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CECILE GIUG, the First International Jumper

We’d like to honor and give a huge shout out to Cecile Giug, our first international Jumper. An avid outdoors woman and ski racing fan, life hasn’t always been easy for Cecile. At 18 her dad died, and she lost hope and battled a deep depression. She coped by traveling the world, meeting new people and studying Buddhism. Armed with positive outlook on life despite it’s challenges, she is everyone’s No. 1 fan and supporter.

Here’s her unedited story directly from France …

I grew up in a nice place in south of France, close to the sea and not far from the mountains. My family are mountain dwellers from a small village in the middle of nowhere, but the views are breath taking. There is no place quite like it.

Back when I was a kid, my parents, my brother and myself used to travel around Europe in an old car and a tent; where we met so many interesting people.  I cannot thank my father enough for sharing this with me; his sense of adventure, his passion for the mountains and everything that goes with it (hiking, climbing, skiing, mountaineering). We used to be inseparable but unfortunately when I was 18 years old,  life called him back.  He died in a mountain accident during the winter and we had to search for two months to recover his body. For me, I was a shocked. I didn’t believe it and for a  few years I was in a kind of denial. I felt numb and dead inside. I forgot everything that reminded me of my father – skiing, hiking and the mountains. One day it finally hit me and I realized not only will I never see him again, but that I never told him goodbye and that I love him. Depression hit me, hard and I spent the next while in and out of hospitals for treatment. At 23 years old, I needed a change and decided to take some time to travel. I was originally planning on staying in NYC for two weeks by myself, but ended up staying over 5 year in the US, splitting time between Manhattan and Colorado. I had to put a space between France and me.

Knowing nobody in the states, I found a job as waitress (I have a diploma in hotel and restaurant management), and started to make some friends. Here, I started to feel better- to see life with a different view. I got back on my skis, and raced as a Master. During this time in USA I traveled around the east coast, and got to ski in some amazing places: Jackson Hole, Vermont, Idaho, Utah, Colorado, Oregon. When I lived in Vail, I met some ski teamers, like Sarah Schleper and Lindsey Kildow, since then I’m a big fan and supporter of the Us Ski Teams Girls. They rule!!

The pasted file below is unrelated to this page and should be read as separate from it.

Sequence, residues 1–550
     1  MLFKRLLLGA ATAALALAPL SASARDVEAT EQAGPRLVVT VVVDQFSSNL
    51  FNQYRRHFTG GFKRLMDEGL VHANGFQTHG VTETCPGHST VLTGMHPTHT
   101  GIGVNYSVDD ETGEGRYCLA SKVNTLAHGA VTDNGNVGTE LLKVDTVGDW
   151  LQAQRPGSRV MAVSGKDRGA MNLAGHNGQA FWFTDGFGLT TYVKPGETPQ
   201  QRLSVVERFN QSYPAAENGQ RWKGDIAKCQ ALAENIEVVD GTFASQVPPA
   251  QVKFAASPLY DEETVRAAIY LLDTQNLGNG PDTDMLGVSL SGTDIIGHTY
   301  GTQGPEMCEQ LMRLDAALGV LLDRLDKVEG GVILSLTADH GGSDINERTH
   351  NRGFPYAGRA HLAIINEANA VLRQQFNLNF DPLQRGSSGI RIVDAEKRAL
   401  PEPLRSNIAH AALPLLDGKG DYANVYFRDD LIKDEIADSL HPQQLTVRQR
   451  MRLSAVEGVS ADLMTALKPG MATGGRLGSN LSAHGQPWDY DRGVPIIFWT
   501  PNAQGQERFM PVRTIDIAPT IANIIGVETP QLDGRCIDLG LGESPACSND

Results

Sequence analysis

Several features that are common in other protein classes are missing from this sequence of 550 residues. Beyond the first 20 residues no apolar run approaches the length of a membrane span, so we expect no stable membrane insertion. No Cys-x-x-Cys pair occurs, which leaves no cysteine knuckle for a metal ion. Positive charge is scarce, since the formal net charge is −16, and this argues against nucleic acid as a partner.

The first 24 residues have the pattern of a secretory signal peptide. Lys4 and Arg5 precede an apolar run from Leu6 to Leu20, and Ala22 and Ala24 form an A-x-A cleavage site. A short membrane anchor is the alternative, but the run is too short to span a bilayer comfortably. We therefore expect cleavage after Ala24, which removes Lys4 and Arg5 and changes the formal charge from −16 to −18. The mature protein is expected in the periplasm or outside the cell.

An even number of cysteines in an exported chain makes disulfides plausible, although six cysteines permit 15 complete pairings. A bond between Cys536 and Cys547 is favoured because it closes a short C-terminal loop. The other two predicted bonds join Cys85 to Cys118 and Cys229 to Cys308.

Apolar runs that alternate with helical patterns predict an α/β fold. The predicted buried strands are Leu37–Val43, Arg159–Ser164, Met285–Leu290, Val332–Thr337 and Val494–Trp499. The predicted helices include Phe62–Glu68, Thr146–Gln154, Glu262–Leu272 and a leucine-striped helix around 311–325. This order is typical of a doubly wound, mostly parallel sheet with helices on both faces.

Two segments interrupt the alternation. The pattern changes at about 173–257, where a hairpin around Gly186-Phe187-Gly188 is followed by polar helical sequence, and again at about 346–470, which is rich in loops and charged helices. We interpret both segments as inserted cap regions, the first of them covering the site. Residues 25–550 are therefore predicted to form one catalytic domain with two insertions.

I had to come back in France for family matters, but before leaving I rented a car, and went from Colorado to San Diego. Then from San Diego, I drove to Washington State; a magical road trip. I miss the states! Back in France 2003, I started slowly to getting back into hiking, and skiing, even climbed the Kilimanjaro, a memorable experience. I went to Thailand, and starting to enjoying the mountains there and their beauty. But I was still in denial about my father’s death. Shortly after, my grandfather (who took my fathers place) died as well, so one more time, I battled debilitating depression.

I decided after some reflection that I will be better if I’m doing good in my life and helping others. I found an address on internet of an orphanage in Nepal, and emailed them to see if they needed help. So in the spring of 2006, I went for 5 months to Nepal, working as volunteer with children in the country. I can’t the feeling as my experience was so powerful. Nepalese people are so wonderful; they have nothing but they give you everything. I tried to stay longer but tourist visa are only for 5 months/year. During my time in Nepal, I went on small treks. The Annapurna Base camp for example, where  the big mountains make you feel so small. After that, I took a bus and a train to India and went to Laddak, where I trekked for 23 days in the most beautiful place on the earth. I met so many kind and generous people, that I stayed a  few months in Dharmasala (where the Dalai Lama lives), teaching French to the refugee Tibetans, learning Reiki, yoga, Tibetan massage, and taking classes on Buddhism. Through the Buddhism I finally found the courage to mourn my father. I know now, I have a dad who is always watching over me. And my vision of life has completely changed – seeing these people who have nothing, lost some family, and came from Tibet through the mountains : they never complain, and they appreciate life. We had so much to learn from them. The wisdom of Buddhism thought me that death is part of the life and we are just visitors in on this planet. When someone dies , it’s  not over, his soul is still with you and nothing can take away the good moments.

I came back in France as a changed person, although for me it was hard to come back with a different vision of life.  It was time enjoy and appreciate my life, I decided and as I like to be in mountains, why not share my passion (that my father gave me) with others. As the Buddhists say: Always put worries in their proper place, out of your mind. Believe in yourself, if you won’t nobody will. The world is round, this place may seem like the end, but it  may also be the beginning. Now, I try to appreciate and enjoy life as much as possible since we never know what life is made of. I like to laugh, to make stupid jokes, to live life in the mountains and remember my father.

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